"Bărbații au haine grație femeilor lor."

Translation:The men have clothes thanks to their women.

January 3, 2017

This discussion is locked.


In a few other languages I've studied on Duolingo, the word for 'woman' can mean 'wife' depending on context, and vice versa for 'man' and 'husband.'

In this sentence (in the English, at least), I make the /inference/ that the women in question are probably the wives of the men in question. How implicit/explicit is that idea in the Romanian? If the writer/speaker had meant 'wives,' would he have used 'soții'? If I translate the sentence using 'their wives' instead of 'their women,' is it Wrong because the sentence could reasonably have been referring to their other, non-wife, women?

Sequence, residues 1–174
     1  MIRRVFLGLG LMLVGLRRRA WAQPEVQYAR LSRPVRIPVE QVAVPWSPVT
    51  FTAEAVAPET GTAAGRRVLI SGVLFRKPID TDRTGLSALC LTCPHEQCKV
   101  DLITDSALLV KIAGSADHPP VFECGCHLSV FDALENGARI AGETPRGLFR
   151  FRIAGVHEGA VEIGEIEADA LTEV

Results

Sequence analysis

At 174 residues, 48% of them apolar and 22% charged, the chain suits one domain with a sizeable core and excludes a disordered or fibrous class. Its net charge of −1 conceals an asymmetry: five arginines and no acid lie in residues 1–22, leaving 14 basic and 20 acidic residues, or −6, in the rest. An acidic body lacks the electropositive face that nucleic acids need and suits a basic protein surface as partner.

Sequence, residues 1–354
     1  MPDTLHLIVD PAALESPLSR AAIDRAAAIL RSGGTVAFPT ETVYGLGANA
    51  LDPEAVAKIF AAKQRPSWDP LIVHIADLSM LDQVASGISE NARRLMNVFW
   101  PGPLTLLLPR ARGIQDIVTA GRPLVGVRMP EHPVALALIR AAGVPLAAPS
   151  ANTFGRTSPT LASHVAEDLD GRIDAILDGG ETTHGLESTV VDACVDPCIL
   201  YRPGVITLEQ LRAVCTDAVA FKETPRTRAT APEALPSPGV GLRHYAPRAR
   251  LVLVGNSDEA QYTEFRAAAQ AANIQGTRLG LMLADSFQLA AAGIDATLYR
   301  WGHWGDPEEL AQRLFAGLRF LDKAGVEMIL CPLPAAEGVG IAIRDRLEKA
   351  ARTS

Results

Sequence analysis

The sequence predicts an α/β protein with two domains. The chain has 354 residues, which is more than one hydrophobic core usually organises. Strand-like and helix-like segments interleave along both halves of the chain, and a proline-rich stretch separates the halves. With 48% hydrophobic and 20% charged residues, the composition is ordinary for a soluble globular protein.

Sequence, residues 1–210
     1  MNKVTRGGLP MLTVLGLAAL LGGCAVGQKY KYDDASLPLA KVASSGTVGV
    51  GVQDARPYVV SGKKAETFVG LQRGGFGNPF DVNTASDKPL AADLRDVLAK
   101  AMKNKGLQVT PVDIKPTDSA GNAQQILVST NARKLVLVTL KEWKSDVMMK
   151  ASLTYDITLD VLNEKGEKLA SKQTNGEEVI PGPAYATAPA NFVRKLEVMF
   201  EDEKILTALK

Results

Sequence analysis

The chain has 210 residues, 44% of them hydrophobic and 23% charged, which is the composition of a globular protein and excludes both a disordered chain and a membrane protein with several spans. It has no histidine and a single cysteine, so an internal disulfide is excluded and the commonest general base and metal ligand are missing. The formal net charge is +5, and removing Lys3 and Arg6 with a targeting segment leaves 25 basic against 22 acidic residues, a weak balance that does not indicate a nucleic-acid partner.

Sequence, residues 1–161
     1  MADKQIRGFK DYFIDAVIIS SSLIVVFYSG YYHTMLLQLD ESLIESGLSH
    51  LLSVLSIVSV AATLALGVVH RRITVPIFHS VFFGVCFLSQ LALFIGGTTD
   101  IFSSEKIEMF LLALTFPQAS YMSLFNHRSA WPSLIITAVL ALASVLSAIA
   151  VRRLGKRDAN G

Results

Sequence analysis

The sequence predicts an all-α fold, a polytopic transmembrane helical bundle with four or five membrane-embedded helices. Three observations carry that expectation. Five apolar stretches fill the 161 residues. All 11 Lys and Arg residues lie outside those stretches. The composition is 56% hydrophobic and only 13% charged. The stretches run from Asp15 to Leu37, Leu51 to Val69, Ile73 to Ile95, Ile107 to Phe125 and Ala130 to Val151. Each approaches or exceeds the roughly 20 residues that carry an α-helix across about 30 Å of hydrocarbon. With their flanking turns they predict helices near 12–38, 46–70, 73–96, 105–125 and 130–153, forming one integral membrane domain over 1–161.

Especially when used like femeia lui or femeile lor it almost clearly means his or their wives.

But as it works the same in English, I think it's fine to keep this translation, especially given no context as there's still room for another possible interpretation, no matter how improbable.


Oh, this translation into English is good, I don't question that. I only got to thinking after I tried to answer "... to their wives" and got marked wrong.


I disagree. "Femeia lui" can mean his partner, but not necessarily his wife. It's different than German, where "Frau" means wife.

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